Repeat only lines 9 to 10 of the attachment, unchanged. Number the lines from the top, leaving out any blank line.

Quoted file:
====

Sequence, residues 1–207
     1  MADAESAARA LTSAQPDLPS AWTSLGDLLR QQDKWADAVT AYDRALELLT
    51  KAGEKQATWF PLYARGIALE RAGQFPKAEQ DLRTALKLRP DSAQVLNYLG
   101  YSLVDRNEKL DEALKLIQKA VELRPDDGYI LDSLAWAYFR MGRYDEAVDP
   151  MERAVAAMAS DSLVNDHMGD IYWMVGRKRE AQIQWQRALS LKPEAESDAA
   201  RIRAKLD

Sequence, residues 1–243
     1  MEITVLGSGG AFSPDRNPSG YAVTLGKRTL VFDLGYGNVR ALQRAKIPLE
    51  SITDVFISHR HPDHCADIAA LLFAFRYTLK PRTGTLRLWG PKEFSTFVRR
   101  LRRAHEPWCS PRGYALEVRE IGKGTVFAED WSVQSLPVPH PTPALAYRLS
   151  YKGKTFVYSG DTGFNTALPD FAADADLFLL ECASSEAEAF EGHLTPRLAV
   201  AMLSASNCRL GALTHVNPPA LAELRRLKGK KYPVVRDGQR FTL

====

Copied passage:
    51  SITDVFISHR HPDHCADIAA LLFAFRYTLK PRTGTLRLWG PKEFSTFVRR
   101  LRRAHEPWCS PRGYALEVRE IGKGTVFAED WSVQSLPVPH PTPALAYRLS